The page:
The challenging 2010 California winegrape harvest is in, and owners and winemakers are relieved and enthusiastic about the quality.
A wet spring was followed by a late start and then a long, cool growing season, ending with a heat spike that allowed grapes to reach maturity. Several regions reported slightly lower sugars and higher acids, with deep colors and flavors.
The season was a balancing act, with some winegrowers trimming fruit or pulling leaves to assure full fruit maturity. Regions reported lower to normal yields. The good news is that what was brought in displays remarkable quality throughout the state, with several vintners predicting a more restrained, elegant style of wine.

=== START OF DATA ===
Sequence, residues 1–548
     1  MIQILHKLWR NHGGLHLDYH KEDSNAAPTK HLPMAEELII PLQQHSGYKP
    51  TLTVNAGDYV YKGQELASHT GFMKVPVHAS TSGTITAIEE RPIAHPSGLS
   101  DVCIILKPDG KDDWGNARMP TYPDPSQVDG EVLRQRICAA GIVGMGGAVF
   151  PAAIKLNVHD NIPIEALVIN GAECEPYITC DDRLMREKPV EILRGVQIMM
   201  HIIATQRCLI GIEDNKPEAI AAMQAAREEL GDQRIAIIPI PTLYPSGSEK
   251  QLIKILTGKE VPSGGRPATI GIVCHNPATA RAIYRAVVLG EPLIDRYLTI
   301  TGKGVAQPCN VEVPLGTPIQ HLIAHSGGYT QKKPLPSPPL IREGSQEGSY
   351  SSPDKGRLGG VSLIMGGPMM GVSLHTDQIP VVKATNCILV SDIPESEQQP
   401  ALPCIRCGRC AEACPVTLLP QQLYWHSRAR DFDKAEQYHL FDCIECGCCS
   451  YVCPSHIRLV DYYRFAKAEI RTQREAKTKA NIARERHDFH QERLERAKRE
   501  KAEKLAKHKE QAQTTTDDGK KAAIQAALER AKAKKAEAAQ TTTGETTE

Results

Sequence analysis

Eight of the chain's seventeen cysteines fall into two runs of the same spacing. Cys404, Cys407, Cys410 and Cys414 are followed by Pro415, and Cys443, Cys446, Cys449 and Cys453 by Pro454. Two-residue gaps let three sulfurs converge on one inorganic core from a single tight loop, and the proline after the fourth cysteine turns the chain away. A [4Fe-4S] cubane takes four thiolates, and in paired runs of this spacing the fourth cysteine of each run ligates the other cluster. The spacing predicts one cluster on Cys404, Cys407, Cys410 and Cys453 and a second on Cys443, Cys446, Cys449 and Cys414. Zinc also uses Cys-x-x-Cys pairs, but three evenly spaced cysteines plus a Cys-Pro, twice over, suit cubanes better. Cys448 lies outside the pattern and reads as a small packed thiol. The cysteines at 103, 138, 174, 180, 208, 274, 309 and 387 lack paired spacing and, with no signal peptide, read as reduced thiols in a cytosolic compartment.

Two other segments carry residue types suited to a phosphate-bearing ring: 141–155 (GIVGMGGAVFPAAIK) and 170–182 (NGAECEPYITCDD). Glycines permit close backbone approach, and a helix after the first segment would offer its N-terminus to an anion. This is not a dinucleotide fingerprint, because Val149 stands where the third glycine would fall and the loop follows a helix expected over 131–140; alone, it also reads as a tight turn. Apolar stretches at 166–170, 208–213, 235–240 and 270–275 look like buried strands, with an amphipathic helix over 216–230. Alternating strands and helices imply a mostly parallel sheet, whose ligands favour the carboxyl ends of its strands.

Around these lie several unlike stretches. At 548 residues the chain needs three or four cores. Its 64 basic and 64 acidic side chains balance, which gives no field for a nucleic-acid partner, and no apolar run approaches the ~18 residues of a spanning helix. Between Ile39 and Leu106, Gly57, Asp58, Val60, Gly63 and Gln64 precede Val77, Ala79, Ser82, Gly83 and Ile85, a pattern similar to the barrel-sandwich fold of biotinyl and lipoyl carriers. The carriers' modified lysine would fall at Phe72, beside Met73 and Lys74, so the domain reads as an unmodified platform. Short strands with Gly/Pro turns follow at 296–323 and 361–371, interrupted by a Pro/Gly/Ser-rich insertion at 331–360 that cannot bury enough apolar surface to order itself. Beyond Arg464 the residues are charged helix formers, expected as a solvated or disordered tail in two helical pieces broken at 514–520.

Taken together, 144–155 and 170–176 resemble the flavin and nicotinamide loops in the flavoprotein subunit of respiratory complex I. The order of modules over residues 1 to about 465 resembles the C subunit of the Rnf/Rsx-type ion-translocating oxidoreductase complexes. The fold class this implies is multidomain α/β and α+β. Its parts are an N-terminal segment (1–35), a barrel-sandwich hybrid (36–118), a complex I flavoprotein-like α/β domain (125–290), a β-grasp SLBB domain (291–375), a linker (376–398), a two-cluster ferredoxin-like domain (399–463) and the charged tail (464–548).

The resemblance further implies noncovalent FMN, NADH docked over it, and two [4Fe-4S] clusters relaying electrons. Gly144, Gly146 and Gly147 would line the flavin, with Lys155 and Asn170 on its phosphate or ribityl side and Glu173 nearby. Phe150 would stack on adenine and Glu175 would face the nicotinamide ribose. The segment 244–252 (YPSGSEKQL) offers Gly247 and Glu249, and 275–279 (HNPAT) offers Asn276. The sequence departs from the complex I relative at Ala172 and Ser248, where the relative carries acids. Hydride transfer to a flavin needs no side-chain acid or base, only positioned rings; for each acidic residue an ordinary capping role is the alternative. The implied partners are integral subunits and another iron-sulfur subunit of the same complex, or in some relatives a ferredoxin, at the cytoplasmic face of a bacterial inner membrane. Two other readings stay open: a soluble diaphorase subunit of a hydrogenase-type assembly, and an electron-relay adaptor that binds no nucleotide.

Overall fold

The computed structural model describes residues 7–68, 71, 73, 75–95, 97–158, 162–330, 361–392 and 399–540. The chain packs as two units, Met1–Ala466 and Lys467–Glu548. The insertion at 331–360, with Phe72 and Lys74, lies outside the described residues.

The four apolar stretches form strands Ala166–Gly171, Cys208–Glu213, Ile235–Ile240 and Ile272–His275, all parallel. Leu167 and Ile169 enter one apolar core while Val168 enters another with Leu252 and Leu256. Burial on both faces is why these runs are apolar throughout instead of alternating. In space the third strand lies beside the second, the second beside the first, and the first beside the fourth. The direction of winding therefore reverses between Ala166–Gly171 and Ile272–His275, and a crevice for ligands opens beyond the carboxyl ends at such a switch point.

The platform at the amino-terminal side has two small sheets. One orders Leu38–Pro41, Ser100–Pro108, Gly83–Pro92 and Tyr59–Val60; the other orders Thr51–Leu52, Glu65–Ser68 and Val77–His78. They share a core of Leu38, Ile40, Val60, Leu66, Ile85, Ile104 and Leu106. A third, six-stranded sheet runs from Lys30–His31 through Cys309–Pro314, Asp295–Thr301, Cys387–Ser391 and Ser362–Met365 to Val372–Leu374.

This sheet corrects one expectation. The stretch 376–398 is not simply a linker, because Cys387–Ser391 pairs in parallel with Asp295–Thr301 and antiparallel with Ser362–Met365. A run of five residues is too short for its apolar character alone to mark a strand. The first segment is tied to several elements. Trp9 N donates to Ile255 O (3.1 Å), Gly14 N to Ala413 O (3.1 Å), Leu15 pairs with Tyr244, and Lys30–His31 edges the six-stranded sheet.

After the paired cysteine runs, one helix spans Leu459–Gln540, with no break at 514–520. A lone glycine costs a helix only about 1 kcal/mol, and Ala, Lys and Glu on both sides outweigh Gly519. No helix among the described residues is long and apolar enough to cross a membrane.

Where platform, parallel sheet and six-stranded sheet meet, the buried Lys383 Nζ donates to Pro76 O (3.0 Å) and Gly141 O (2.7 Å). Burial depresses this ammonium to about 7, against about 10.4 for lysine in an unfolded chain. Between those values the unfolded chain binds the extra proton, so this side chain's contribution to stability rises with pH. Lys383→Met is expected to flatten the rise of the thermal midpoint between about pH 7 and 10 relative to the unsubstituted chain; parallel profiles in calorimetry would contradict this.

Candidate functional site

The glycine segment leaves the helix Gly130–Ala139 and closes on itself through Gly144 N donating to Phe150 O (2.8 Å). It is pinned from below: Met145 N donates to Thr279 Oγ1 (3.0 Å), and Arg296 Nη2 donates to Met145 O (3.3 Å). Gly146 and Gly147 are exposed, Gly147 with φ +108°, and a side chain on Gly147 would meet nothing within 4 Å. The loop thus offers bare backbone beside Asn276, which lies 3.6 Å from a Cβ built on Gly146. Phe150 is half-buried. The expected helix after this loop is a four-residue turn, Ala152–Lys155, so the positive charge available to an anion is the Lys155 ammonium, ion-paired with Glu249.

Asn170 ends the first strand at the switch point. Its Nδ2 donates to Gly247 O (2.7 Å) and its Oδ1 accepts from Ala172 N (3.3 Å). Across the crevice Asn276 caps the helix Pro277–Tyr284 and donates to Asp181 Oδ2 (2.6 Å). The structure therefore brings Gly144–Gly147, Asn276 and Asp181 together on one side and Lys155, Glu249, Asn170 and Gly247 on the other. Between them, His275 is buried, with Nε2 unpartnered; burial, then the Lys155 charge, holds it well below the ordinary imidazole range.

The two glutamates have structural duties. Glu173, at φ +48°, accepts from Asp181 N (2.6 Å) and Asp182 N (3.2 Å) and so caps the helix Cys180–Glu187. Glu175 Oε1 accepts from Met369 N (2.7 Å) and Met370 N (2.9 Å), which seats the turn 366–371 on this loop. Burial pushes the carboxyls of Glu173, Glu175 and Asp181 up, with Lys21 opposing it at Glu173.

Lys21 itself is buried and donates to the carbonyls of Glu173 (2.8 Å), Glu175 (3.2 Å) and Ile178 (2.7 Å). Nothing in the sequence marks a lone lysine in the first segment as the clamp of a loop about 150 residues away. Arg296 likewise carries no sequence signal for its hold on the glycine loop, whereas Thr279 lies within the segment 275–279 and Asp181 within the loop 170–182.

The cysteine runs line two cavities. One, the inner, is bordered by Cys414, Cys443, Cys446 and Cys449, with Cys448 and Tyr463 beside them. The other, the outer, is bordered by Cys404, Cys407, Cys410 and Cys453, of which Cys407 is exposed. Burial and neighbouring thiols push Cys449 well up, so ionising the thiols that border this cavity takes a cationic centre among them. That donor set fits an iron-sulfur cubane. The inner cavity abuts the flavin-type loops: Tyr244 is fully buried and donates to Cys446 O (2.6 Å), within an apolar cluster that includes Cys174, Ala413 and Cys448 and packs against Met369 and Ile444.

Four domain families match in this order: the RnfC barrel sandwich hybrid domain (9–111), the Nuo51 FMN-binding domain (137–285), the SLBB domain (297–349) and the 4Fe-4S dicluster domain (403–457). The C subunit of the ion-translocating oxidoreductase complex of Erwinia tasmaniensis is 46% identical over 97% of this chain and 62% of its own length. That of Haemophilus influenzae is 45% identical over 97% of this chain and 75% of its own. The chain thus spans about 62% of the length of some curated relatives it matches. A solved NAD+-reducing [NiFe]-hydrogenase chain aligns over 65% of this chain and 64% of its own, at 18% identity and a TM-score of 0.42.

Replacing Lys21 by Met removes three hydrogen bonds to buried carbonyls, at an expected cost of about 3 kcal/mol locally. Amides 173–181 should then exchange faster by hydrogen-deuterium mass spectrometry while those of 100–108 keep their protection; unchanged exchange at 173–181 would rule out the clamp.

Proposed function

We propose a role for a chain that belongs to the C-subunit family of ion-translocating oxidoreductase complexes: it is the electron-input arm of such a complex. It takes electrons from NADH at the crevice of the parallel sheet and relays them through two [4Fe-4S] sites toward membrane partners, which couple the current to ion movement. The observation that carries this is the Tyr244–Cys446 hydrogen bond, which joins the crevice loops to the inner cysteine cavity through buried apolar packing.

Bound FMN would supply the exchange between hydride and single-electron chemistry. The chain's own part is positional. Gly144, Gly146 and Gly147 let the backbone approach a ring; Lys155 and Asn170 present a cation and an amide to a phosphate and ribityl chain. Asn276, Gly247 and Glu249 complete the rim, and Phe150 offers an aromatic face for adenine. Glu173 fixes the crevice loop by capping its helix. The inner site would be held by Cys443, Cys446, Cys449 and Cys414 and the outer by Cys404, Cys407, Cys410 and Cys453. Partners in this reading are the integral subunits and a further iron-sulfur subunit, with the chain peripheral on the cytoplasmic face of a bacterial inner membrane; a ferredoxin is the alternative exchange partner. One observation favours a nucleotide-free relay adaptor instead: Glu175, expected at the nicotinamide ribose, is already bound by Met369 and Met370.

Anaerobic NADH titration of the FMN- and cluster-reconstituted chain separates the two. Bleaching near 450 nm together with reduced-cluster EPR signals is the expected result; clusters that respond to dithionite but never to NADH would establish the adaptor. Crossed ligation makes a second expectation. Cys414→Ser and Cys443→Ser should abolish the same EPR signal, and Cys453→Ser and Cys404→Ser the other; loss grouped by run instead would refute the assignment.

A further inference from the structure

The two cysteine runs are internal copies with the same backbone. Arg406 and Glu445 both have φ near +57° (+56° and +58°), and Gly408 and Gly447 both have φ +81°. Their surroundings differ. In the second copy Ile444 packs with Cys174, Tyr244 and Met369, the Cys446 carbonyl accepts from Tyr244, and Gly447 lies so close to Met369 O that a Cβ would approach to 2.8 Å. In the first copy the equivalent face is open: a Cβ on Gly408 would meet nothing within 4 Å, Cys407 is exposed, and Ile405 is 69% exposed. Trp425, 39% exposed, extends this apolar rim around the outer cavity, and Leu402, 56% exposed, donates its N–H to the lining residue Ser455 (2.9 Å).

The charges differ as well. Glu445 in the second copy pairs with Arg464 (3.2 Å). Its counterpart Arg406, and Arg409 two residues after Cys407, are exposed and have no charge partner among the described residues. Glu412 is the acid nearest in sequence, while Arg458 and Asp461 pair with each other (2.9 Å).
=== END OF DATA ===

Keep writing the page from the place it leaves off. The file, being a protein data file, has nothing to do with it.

The crop is forecast at 3.3 million tons, down 6 percent from the August forecast, and down 12 percent from last year, according to the California Department of Food and Agriculture crop forecast published the first week of October.
“In general, this year’s harvest was very interesting,” said Hal Huffsmith, senior vice president of vineyard operations for Trinchero Family Estates. “Wine quality should be good to very good, judging from the chemistries coming from grapes harvested throughout the nine counties in California where we have vineyards.”
Tomorrow: Reports from the Napa Valley and Sonoma County.